A New Year means a brand new chase to earn airline status, as most airlines set their frequent flyers back to zero right on Jan. 1. But Delta does something unlike any other carrier to help travelers get a head start on requalifying for Delta Medallion Status.
Each and every year, Delta rolls over any Medallion Qualifying Miles (MQMs) – one of the building blocks of earning elite status with the airline – you've earned above your current tier into the following year. Did you earn Delta Gold Status for this year but amass a whopping 70,000 MQMs, 20,000 above what you needed? You'll get those extra 20,000 MQMs to be off and running in 2023.
It's a unique feature among the major airlines, and it's not just a pandemic perk but a fixture of earning status with Delta. But like clockwork, we hear from concerned travelers who wake up in the New Year expecting a boatload of MQMs in their accounts only to see … nothing. For example, I was set to roll over more than 34,000 MQMs into 2023.
But as of this morning, I'm still at zero. What gives?
Don't worry. My extra MQMs are coming, and so are yours.
‘When Will My MQMs Roll Over?'
We flyers are an impatient bunch, aren't we? After months of seeing mileage balances grow and status trackers climb, it's shocking to see that bar back at zero – especially since Delta promised you'd get a head start in the New Year.
But the pattern is clear: It always takes a few weeks, maybe even a month for these rollover Delta MQMs to hit your account. Officially, Delta says to give it until the end of the month for these Medallion Qualifying Miles to get deposited for 2023.
But in practice, it typically takes just a few weeks. Last year, for example, Delta announced on Jan. 10 that it had finished depositing all rollover MQMs to SkyMiles members. The year before, the process was complete on Jan. 11.
So give it another week or two before calling or messaging Delta about your missing MQMs. If the past patterns hold up, they should be in your account in a week and a half.
Here are a few more details on how these Delta rollovers work:
- You'll only roll over additional MQMs if you earned at least Silver Medallion status last year for 2023. If not, you reset back to zero.
- Trying to figure out how many Delta MQMs you'll roll over? Subtract the number of MQMs required to earn your current level of status from how many MQMs you earned in 2022. For example, a Delta Platinum Medallion flyer who earned 90,000 Medallion Qualifying Miles last year would roll over the extra 15,000 MQMs.
- Only MQMs roll over, not Medallion Qualifying Dollars (MQDs). That means you'll need to spend the full amount with Delta in 2023 to earn status again – and after a recent increase, those spending requirements are even higher for all but Silver status.
The Basics of Earning Delta Status
Confused? Let's go back to basics. Earning even the lowest levels of Delta status requires a fair amount of travel … and even more spending.
There are two critical pieces to earn Medallion status with Delta: flying and spending. You have to rack up a certain amount of miles on Delta flights (called Medallion Qualification Miles or MQMs, which are different than SkyMiles) or a sheer number of flight segments. Then, there's also a spending requirement, called Medallion Qualifying Dollars (MQDs). And you need both: Just one or the other won't cut it.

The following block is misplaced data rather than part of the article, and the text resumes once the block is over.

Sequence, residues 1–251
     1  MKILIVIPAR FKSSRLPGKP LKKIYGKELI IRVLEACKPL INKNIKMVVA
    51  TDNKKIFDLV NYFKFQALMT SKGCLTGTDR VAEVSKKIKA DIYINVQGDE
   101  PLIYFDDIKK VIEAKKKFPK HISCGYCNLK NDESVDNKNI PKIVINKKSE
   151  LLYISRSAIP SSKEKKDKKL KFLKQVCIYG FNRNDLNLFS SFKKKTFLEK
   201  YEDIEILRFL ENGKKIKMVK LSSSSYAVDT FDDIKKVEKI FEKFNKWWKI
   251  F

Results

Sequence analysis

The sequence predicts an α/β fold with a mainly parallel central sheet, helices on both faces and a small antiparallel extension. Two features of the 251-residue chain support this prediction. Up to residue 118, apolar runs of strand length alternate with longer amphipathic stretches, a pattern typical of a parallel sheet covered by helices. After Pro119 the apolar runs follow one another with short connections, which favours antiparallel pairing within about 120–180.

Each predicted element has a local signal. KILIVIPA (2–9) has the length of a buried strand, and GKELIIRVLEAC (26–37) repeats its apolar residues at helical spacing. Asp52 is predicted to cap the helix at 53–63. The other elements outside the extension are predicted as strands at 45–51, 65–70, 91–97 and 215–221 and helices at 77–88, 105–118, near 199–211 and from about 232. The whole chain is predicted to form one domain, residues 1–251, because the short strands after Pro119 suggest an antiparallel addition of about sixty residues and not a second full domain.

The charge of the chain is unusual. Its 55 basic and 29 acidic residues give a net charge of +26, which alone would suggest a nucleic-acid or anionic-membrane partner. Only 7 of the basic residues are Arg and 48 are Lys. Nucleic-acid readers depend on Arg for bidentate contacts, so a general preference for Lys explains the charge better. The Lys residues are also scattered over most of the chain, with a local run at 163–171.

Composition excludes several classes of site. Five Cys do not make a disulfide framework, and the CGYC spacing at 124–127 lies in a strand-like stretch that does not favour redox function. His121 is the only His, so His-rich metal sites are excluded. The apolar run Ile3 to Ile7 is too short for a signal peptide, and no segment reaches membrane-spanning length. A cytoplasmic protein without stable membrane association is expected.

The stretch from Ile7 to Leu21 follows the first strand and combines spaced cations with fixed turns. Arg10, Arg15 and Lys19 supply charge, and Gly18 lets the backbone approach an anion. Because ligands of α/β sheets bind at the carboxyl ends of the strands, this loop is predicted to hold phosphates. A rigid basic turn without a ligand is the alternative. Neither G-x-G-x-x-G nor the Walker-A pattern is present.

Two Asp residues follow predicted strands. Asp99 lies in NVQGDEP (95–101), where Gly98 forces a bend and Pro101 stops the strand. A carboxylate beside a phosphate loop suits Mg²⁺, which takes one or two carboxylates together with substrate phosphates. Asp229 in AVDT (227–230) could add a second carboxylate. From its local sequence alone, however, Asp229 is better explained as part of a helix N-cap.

Here’s a brief rundown on what it takes to earn each of the four Medallion tiers:
- Silver Medallion Status: 25,000 MQMs OR 30 flights (called Medallion Qualifying Segments) AND $3,000 in spending on Delta or partner flights
- Gold Medallion Status: 50,000 MQMs OR 60 Medallion Qualifying Segments AND $8,000 in spending on Delta or partner flights
- Platinum Medallion Status: 75,000 MQMs OR 100 Medallion Qualifying Segments AND $12,000 in spending on Delta or partner flights
- Diamond Medallion Status: 125,000 MQMs OR 140 Medallion Qualifying Segments AND $20,000 in spending on Delta or partner flights
If you earn Delta status this year, you’ll have it for the rest of 2023 and 2024, too – status benefits actually last through Jan. 31 of the following year. So a traveler who earns Silver Medallion Status this year would keep those benefits all the way through January of 2025.
No matter how you slice it, it takes a lot to earn status.
Are you flying close to 25,000 miles or more per year with Delta? That’s more than five round-trip, cross-country flights from Los Angeles (LAX) to New York City-JFK (JFK), or two round trips on Delta’s Minneapolis-St. Paul (MSP) to Seoul-Incheon (ICN) flight. All that flying just for Silver status, where upgrades are scant. Oh, and also spend $3,000 or more with Delta in a year – not counting government taxes and fees?
If your answer to all those questions was no, it's probably not worth a big effort for you. The perks require a lot of work to unlock. And until you really climb the ladder of status, those perks don't really pay off.
Relax. Your Delta rollover MQMs are on the way.
Every year, frequent Delta flyers wake up to see their status trackers at zero. But within a few weeks – maybe even days – Delta will make good on its promise to deposit whatever MQMs you earned above your current tier of status from last year.